This paper presents the case study of the authors’ design of the earth-sheltered house in Village Dobraca near Kragujevac, Serbia, in the context of development and some thermal properties of the underground housing. The historical insight, in brief, provides a better understanding of the reasons for their modern use as energy efficient and sustainable structures. It shows that underground houses even today are more thermally efficient than above ground houses since, besides earth, there is no need for new additional thermal layers. The article also includes a review of the representative physical forms of the underground housing through different periods, with the result of measurement of their main properties. The study of the underground housing structures provides an insight of the relation between the location and typology of underground homes in a contest of climate zones. These structures have an almost constant temperature, which provides the primary “comfort” condition in which the man is determined to live in. The results on property-based monitoring data showed that the earth-sheltered house could provide the thermal comfort that is close to the ideal human needs temperature. Today, the new materials and especially the solar, geothermal, and wind accessories, enables the maximum sustainability of these specific building structures and provides them with an even better energy efficiency.
Nenad Miloradovic has entered in the online Ancient history encyclopedia which was rewarded by EU in 2016. His paper from REHVA Journal “Lepenski Vir – the prehistoric energy efficient architecture” is in bibliography and some terms are quoted in the article about Lepenski Vir by Andela Sormaz. This post was published on 5. May 2020.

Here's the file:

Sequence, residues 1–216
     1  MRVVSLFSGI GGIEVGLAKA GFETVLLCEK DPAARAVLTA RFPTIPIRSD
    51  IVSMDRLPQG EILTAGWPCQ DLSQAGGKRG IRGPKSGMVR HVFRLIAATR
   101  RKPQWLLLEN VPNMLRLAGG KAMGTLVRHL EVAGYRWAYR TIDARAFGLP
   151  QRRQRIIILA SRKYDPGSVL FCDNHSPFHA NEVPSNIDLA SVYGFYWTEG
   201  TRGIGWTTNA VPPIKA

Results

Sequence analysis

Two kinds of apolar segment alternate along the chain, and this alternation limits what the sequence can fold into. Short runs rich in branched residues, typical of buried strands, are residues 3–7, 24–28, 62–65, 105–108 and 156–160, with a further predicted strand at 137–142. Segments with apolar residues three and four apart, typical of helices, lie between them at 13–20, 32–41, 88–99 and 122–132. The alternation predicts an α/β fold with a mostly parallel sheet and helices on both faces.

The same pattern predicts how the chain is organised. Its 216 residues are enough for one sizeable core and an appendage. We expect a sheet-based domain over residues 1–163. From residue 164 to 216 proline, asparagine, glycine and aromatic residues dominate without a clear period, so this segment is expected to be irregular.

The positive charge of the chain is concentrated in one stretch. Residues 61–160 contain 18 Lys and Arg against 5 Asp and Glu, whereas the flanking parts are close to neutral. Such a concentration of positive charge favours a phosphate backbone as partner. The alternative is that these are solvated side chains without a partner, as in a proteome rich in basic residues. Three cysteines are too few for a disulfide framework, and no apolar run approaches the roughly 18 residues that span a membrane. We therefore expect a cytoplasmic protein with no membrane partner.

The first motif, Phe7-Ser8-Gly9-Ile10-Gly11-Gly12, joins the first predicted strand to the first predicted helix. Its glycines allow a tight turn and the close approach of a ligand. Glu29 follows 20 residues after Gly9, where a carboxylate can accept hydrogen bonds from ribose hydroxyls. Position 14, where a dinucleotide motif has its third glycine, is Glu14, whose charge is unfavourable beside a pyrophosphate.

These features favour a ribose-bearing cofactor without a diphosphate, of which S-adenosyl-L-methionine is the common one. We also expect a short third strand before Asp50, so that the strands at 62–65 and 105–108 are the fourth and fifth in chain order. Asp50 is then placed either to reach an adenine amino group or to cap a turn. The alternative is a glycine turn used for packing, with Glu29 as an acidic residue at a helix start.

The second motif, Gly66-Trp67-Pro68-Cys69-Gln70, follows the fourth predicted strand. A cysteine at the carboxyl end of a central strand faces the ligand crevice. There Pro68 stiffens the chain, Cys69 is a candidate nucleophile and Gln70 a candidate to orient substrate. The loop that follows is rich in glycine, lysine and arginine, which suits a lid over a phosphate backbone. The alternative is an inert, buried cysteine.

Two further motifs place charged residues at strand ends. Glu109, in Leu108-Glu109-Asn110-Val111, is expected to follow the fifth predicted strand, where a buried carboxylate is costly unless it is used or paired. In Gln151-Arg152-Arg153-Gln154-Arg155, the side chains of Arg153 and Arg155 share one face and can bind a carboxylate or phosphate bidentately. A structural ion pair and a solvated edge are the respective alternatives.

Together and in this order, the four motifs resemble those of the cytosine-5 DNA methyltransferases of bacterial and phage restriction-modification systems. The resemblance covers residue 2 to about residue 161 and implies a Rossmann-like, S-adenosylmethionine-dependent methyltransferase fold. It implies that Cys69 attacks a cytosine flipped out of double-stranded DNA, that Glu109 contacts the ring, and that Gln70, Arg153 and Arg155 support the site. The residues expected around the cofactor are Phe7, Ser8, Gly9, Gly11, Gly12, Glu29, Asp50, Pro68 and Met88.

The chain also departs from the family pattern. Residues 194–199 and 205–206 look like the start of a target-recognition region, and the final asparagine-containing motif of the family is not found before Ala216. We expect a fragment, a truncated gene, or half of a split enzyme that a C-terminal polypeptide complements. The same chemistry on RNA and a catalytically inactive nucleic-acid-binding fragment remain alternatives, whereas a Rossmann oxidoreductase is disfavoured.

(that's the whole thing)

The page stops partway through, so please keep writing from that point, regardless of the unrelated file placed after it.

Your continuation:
LEPENSKI VIR – THE PREHISTORIC ENERGY
(The paper is outline from presentation at the
Danube ASHRAE Chapter Meeting in Timisoara, Romania, 15th April
The remains of architecture in Lepenski Vir are the remains of an energy efficient architecture and ecological houses.
engineer for heat distribution
Beogradske elektrane, Belgrade, Serbia
The prehistoric settlement of Lepenski Vir, which was discovered during the 1960s in Djerdap Gorge on the Serbian side of the Danube River, is well-known for its unusual architecture and preserved house floors. If we analyze this architecture in view of the set of natural (meteorological, geographical, astronomical and vegetal) environmental properties and consider energy consumption for heating and air-conditioning needs for such dwellings, i.e. achieving thermal comfort in those houses, we can conclude that the builders paid particular attention to energy efficiency in building stock while designing those houses. Remains of the architecture of the prehistoric settlement of Lepenski Vir, where operations for energy efficiency improvements are visible and recognizable, are the remains of an energy effective architecture. Their houses were energy efficient considering their age, technology and given location, contributing to the long life of the settlement.
We may speak about the primal passive solar and bioclimatic architecture. The shape of houses is very compact and contributes to saving of heating or cooling energy. The remains of the architecture of Lepenski Vir are silent witnesses of measures applied to improve energy efficiency. The houses in Lepenski Vir and Padina-Gospodjin Vir are examples of energy efficient construction of the time, location and given the condition of technology and applied materials. The architecture of Lepenski Vir did not emerge haphazardly, as similar house remains were also found at the Padina-Gospodjin Vir site.